You can also find lodging in Teton Village at the base of Jackson Hole Mountain resort. The charming area is just under two miles from the park’s southern Granite Canyon entrance, making it a great basecamp for skiers.

(Here’s how to plan the ultimate camping adventure.)

Here’s what else you need to know

Access: The park is located in northwest Wyoming near the border of eastern Idaho, accessible via three entrances: Granite Canyon, Moose, and Moran Junction. Since Grand Teton is connected to Yellowstone National Park by the John D. Rockefeller, Jr. Memorial Parkway, most visitors tack Grand Teton onto a multiday trip to Yellowstone.

When to visit: July and August are the most popular times to visit Grand Teton. May, September, and October see fewer crowds and cooler temperatures. Although wintertime shuts down many amenities and roads, it’s a great time to experience the region by snowshoe, cross-country skis, or snowmobile.

Spring can be an especially nice time to visit when portions of Teton Park Road open for a short time to cyclists, inline skaters, and other recreationists before cars are permitted in May. Before your trip, check the park’s alerts and current conditions page for road closures.

Plan ahead: Weather changes quickly in the Rocky Mountains, especially in the summer. Always pack extra layers and a rain jacket on all outdoor excursions. When venturing into the high country, start early so you can get below the treeline by noon, thereby avoiding afternoon thunderstorms, which can be violent.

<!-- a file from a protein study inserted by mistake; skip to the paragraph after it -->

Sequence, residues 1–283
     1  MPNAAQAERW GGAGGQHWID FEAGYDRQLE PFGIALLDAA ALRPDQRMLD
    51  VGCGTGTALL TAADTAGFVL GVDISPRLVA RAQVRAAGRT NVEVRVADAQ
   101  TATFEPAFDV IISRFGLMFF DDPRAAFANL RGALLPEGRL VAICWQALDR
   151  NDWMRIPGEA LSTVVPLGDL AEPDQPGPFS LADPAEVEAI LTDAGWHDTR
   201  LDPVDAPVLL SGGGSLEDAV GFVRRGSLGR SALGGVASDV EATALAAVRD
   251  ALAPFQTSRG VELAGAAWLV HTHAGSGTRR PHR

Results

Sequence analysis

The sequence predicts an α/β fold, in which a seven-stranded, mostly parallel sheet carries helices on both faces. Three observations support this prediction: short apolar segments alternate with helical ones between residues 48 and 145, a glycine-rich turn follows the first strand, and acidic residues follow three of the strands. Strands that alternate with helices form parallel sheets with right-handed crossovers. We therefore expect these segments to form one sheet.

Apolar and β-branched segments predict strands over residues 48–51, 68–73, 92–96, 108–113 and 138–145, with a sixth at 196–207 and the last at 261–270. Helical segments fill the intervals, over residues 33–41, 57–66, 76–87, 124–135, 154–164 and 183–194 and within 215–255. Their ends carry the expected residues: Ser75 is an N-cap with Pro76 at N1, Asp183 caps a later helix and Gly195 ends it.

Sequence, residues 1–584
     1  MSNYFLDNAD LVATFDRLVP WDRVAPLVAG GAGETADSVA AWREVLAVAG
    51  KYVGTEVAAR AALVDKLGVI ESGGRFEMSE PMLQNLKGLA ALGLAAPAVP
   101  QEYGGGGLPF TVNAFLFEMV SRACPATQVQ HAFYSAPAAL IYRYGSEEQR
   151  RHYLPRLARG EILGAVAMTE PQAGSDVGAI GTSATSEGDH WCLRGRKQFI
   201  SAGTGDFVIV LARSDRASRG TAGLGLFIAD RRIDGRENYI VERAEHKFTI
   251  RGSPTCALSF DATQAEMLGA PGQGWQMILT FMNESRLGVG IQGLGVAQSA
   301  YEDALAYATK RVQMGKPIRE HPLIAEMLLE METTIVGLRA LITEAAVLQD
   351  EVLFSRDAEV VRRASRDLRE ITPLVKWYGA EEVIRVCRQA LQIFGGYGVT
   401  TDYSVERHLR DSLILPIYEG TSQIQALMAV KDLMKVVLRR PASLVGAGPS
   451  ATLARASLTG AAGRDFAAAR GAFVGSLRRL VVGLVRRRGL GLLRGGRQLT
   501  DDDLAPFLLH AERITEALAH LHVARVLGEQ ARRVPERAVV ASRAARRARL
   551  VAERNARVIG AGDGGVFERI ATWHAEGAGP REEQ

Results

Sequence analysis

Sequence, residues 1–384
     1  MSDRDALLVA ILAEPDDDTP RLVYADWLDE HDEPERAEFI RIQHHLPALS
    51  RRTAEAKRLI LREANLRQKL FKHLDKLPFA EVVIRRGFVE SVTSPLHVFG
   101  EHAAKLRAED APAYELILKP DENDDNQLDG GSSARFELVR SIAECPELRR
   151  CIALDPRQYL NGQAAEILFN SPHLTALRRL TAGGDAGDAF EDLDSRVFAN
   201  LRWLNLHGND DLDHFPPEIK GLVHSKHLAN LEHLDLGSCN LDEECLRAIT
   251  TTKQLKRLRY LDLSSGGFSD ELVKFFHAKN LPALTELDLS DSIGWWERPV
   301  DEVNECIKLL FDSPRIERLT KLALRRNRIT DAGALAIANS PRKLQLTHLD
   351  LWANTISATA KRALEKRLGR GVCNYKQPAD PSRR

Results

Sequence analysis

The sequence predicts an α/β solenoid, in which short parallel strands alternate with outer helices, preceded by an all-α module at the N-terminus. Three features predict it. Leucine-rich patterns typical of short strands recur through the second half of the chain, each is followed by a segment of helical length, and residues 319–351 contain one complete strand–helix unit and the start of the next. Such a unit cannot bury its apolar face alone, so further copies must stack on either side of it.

Bear safety: Grand Teton National Park is black and grizzly bear country. The National Park Service recommends hikers carry bear spray, a non-lethal deterrent that’s EPA-approved.

(Bear safety rules are easy to learn. Why don’t people follow them?)

Are pets allowed in Grand Teton National Park?

Pets are allowed in Grand Teton National Park, but they must be restrained at all times for their safety and that of wildlife. Owners must pick up after them and properly dispose of their waste. Pets are not permitted on trails, in facilities, on swimming beaches, on boats (except on Jackson Lake), or in the backcountry. See full rules, including special considerations for service animals, here.


While some visitors centers, campsites, and lodges are accessible, there aren’t many trails for wheelchair and other medical aid users, says Vasu Sojitra, the disability access advocate. He notes that the North Pathway, a 20-mile paved trail that connects Jackson, Wyoming, with the park at Jenny Lake, is one of the more accessible areas in the region. “It is a really great way to experience and make a bigger day out of visiting the park,” he says.

Check the nonprofit Teton Adaptive’s website for information on adaptive paddling, skiing, climbing, and other activities inside and outside the park. Visit the park’s website for specific programs and details at lodgings and visitors centers.

(Learn how the National Park Service is making its public lands more accessible.)

Miles W. Griffis is an independent journalist and writer based in California. Follow him on Twitter and Instagram.
Go With Nat Geo Explore the Grand Tetons with Nat Geo Expeditions’ Yellowstone and Grand Teton National Parks. Hike the trails with National Geographic’s Trails Illustrated maps. Learn more about the park in the National Geographic Guide to National Parks of the United States Ninth Edition.